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THE MOST HAPPY FELLA
Douglas S. Looney
July 06, 1987
It is a dank, dismal morning in Syosset, N.Y., a good day to pull the covers over your head. Mets catcher Gary Carter, 33, opens one eye at 8:30, awaiting the news from his battered body. "I'm feeling pretty good," he thinks. He cautiously moves an arm, a leg and then, the real test, his neck and upper back. "Hey, maybe I really am feeling good."
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July 06, 1987

The Most Happy Fella

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It is a dank, dismal morning in Syosset, N.Y., a good day to pull the covers over your head. Mets catcher Gary Carter, 33, opens one eye at 8:30, awaiting the news from his battered body. "I'm feeling pretty good," he thinks. He cautiously moves an arm, a leg and then, the real test, his neck and upper back. "Hey, maybe I really am feeling good."

He risks getting up and is elated: "I am feeling good. I am being rewarded." And why not? In a 13-year career he has had three knee operations, two broken thumbs, three broken ribs and ligament tears in each ankle. For this season, add a bruised toe, an aching right knee and a nagging back ailment.

But Carter is upbeat. By comparison, Ernie Banks was a pessimist. Carter bounds into the kitchen for coffee. His wife, Sandy, is already there with Christy, 9, and Kimmy, 6, who are making pancakes with batter too thin on a skillet too cool. D.J., 2, refuses to get dressed. There is bedlam.

Through it all, Carter remains relentessly happy. "I know some people think my smile is too big," he says. "But all I do is smile and enjoy the game. Is there anything wrong with that?"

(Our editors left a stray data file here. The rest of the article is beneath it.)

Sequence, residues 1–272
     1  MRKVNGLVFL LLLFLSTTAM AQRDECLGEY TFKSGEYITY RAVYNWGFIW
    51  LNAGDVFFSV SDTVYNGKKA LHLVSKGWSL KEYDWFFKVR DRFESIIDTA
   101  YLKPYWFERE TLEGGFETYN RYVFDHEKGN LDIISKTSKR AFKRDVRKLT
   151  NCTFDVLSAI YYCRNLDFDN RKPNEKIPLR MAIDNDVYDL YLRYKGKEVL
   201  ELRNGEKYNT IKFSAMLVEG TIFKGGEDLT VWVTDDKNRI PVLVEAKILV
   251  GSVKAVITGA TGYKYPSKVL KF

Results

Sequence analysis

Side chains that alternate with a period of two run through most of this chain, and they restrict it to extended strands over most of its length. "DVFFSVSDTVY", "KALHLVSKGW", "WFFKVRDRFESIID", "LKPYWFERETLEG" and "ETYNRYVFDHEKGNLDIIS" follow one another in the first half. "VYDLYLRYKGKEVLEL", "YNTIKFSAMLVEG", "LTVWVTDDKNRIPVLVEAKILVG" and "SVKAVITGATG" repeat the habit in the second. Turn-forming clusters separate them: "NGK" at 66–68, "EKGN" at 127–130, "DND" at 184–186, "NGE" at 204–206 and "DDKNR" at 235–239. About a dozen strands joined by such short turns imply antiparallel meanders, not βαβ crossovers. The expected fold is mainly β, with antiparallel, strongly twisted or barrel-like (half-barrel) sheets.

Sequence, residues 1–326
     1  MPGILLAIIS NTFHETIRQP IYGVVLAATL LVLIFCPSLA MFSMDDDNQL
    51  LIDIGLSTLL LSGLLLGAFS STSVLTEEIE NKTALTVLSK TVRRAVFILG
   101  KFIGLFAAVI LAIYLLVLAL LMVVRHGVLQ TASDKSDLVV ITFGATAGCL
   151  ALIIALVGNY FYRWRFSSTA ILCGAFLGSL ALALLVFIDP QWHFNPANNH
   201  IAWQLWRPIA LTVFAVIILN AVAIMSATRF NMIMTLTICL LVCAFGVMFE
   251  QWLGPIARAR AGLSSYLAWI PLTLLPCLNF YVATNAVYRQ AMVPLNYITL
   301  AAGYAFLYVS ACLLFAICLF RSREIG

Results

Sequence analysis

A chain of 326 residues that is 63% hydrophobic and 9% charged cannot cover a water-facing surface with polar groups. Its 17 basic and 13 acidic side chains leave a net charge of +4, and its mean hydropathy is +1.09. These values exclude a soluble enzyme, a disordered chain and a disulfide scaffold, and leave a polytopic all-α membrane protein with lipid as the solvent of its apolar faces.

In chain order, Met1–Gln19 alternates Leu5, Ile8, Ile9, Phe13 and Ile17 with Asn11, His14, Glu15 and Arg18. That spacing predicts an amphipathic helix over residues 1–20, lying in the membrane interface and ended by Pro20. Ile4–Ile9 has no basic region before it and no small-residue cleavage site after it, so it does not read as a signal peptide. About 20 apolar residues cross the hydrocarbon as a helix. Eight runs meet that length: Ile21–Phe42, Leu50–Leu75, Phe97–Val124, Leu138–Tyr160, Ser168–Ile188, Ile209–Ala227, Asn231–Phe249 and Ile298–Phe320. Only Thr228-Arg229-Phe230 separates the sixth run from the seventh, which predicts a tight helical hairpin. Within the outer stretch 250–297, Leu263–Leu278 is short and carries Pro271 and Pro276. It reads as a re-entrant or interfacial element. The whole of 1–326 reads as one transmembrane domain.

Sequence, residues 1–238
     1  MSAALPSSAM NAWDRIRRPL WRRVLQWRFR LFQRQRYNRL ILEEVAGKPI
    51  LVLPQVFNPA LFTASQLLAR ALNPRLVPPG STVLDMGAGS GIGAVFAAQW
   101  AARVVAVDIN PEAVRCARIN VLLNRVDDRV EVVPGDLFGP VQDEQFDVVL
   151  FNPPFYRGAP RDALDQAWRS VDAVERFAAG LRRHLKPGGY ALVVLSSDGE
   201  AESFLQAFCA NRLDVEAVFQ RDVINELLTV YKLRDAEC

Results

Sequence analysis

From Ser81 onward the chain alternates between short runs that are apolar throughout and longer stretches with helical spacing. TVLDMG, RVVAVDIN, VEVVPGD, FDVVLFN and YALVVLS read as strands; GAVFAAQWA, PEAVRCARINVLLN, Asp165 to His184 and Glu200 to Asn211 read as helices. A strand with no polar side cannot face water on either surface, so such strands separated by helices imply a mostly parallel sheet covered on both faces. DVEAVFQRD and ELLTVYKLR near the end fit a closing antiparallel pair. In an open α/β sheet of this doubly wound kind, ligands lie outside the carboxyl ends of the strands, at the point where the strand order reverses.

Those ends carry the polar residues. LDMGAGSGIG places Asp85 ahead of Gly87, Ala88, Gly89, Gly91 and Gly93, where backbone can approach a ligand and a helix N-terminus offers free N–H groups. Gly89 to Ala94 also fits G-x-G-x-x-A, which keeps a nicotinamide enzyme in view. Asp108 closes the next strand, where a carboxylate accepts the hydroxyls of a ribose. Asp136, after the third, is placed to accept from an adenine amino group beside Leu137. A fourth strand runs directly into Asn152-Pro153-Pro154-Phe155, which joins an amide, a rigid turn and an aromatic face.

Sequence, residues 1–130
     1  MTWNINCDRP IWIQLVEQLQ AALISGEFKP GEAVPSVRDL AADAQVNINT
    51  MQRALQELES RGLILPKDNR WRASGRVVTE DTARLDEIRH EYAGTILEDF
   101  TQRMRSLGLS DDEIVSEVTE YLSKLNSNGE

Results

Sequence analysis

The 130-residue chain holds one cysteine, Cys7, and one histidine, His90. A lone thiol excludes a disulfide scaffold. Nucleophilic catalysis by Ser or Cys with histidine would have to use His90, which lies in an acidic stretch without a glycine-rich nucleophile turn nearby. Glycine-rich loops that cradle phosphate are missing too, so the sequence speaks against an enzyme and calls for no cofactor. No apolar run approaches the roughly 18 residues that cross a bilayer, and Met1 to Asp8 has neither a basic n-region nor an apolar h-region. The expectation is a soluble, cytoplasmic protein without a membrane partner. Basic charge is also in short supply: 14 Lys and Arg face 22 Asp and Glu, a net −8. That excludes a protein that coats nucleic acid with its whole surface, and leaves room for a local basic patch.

Carter won't be playing today, though. He is routinely given a rest when day games follow night games, as today's game does. "Hey," he says, "maybe I'll pinch-hit and win the game."

At 10:23 Carter jumps into his Volvo to pick up pitcher Doug Sisk. A few minutes later Carter tells Sisk how he won the national Punt, Pass and Kick competition when he was seven and visited the White House. Asks Sisk, "Who was President then? Lincoln?" Carter chortles.

At 11:23, Carter arrives at Shea Stadium. Fans cheer; he waves and smiles. He walks happily into the stadium, greeting Dwight Gooden. With enthusiasm, of course.

It is drizzling, so pregame activity is light. Carter eventually heads for the bullpen, where he and pitcher John Mitchell talk about how Mitchell once almost drowned in an ocean accident. They also talk baseball. Some. Before the fifth inning, Carter trots in to the dugout. Ready if needed. Bat is in hand. He isn't needed. The Mets whip the Phillies 8-3.

At 5:45, Carter eases the Volvo past fans who scream his name and beat on the car. "Animals," says a companion. "Naw," says Carter, "they're just big fans." And away he goes.

"Hey, what a great day," he says. "I didn't make any errors or any outs." At 6:23 he pulls into the driveway. He has dinner with the wife and kids, followed by a game of Monopoly. "I'd be silly to say every day is a great day, but most of them are," he says. "This one was."

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